(From a special Correspondent.)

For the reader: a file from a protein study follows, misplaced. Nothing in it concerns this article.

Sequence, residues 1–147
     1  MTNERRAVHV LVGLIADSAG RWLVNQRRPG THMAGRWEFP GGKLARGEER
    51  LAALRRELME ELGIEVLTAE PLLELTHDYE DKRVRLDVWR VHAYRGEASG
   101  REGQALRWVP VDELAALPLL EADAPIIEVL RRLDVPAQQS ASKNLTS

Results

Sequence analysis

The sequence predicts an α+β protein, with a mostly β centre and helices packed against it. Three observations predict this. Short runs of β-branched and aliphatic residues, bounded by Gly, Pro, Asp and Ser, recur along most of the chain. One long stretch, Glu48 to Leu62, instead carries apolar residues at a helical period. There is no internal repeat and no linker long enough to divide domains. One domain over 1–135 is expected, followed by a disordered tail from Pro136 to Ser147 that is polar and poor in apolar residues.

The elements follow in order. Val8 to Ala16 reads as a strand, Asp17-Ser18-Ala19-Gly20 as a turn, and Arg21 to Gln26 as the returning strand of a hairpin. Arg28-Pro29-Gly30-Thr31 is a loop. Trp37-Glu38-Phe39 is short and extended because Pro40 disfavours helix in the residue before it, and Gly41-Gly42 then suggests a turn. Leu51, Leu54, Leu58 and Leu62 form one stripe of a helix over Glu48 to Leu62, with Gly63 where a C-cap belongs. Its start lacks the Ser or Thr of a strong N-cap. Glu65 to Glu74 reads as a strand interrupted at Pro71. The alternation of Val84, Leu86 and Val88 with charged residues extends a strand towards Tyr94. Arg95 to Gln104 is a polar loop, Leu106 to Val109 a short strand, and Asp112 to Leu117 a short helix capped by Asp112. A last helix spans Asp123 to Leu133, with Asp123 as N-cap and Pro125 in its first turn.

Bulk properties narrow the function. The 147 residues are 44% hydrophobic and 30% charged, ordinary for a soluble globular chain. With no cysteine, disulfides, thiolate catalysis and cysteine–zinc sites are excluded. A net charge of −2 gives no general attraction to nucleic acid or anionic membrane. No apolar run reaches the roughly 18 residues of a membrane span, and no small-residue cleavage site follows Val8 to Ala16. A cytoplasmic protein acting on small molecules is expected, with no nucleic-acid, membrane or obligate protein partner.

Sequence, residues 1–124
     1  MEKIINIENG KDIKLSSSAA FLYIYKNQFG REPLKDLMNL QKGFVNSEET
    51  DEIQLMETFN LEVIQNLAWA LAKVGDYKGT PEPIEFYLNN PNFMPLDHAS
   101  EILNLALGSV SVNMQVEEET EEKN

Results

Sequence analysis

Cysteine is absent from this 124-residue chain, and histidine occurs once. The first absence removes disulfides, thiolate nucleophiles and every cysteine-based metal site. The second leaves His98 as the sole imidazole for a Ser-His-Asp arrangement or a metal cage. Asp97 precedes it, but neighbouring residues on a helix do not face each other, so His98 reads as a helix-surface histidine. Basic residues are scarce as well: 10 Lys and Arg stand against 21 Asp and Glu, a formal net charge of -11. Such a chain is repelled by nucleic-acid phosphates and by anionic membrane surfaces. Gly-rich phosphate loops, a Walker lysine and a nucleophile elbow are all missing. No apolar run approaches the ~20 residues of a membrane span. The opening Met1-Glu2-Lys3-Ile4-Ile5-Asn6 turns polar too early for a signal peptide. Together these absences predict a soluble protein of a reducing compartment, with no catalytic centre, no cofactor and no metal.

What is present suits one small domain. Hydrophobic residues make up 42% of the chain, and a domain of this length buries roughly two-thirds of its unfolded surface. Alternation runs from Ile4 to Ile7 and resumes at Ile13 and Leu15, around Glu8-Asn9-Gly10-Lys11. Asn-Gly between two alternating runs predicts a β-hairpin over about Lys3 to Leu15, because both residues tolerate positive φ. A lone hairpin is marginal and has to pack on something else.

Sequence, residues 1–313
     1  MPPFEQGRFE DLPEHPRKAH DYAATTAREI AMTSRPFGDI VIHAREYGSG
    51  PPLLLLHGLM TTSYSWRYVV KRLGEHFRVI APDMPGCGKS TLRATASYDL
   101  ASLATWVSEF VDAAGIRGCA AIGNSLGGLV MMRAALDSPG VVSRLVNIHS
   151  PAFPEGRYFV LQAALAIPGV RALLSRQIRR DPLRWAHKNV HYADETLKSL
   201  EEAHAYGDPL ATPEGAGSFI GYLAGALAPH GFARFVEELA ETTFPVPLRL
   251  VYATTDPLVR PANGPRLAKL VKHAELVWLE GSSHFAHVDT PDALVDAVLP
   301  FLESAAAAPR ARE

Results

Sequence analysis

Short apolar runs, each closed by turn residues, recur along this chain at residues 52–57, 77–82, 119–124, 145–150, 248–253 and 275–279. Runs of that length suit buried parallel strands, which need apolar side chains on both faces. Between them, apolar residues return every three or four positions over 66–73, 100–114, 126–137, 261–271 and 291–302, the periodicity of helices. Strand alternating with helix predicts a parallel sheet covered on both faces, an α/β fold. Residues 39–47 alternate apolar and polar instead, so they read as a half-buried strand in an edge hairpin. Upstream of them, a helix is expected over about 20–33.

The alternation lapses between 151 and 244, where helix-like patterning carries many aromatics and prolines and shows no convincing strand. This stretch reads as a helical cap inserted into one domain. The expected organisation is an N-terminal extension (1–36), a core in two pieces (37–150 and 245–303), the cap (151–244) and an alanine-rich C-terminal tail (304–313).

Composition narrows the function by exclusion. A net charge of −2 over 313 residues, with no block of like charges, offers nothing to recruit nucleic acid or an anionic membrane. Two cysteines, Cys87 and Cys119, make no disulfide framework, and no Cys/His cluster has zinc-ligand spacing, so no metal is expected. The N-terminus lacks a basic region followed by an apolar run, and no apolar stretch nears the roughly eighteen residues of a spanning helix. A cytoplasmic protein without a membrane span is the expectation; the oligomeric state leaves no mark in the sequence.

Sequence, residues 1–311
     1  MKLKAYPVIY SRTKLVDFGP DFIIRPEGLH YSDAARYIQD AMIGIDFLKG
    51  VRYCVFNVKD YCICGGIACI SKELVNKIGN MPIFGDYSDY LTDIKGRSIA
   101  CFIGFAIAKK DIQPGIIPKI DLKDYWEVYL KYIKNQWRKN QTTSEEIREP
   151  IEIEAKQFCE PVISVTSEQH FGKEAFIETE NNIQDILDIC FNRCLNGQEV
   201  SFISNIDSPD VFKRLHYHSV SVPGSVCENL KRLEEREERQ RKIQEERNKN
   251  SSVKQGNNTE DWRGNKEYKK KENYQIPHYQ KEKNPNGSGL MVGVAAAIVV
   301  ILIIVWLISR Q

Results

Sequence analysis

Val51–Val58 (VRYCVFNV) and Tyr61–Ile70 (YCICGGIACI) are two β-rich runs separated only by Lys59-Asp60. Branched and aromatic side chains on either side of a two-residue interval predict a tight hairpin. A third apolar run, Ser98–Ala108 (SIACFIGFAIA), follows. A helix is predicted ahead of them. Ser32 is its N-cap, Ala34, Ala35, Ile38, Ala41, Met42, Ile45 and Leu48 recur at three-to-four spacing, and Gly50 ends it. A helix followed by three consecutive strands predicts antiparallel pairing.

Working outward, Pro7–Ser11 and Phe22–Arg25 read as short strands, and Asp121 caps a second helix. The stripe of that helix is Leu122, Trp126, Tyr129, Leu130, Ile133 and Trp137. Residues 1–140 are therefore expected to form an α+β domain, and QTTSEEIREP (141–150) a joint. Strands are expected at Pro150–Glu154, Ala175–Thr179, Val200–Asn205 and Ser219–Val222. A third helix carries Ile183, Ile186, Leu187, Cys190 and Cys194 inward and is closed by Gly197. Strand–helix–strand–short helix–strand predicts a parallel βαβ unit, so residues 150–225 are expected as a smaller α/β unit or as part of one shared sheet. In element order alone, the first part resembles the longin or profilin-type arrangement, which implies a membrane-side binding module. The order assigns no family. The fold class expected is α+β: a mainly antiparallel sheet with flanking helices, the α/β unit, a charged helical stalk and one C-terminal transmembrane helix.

It seems only the other day since St. Mary's parish was created, and ftlut^y there is a spacious and handsome church approaching compl<3wi upon the grounds. Father Le Menant is certainly sustaining his -reputation as a cburch-builder. A priest with less energy and determinatioD than Father Le Menant might well have been dismayed At the prospect of attempting to build a new church at St. Mary's in less time than several years. The parish was poor and the congregation scattered. The whole wordly assets of the parish consisted of the old boute, in which there was scarcely an artiole of furniture. Part of the house was turned into a temporary chapel. Father Le Menant had to do this, and to make a portion of the old place habitable for himself and his assistant priest, Father Marnane. His funds for all the work before him were almost nil. However, nothing daunted, he started. Everyone Bbook their beads dubiously at the idea of the proposed new church becoming an accomplished fact under four or five years at least. It is about eighteen months, I think, since Father Le Menant took up his abode at St. Mary's, and new the new church is there, and a very bnndsome edifice it is. The building ia a wooden one, and stands upon a slight iise at the northern side of the old house. Externally the church is plain. There is a belfry over the main door, which faces Manchester street. The windows are filled in with coloured cathedral glass. On the oater side of a little stream which flows through the grounds in front of the church there is a fine wide carriage drive, extending the whole length of the Manchester street frontage. At each end of the drive there is a gate, so that vehicles may enter at one end of the drive and pass out at the other. The grounds all aronnd are tastefully planted with flowers and shrubs. In two years or so, when these grow, St. Mary's will be one of the most beautiful places in or around Christcburch.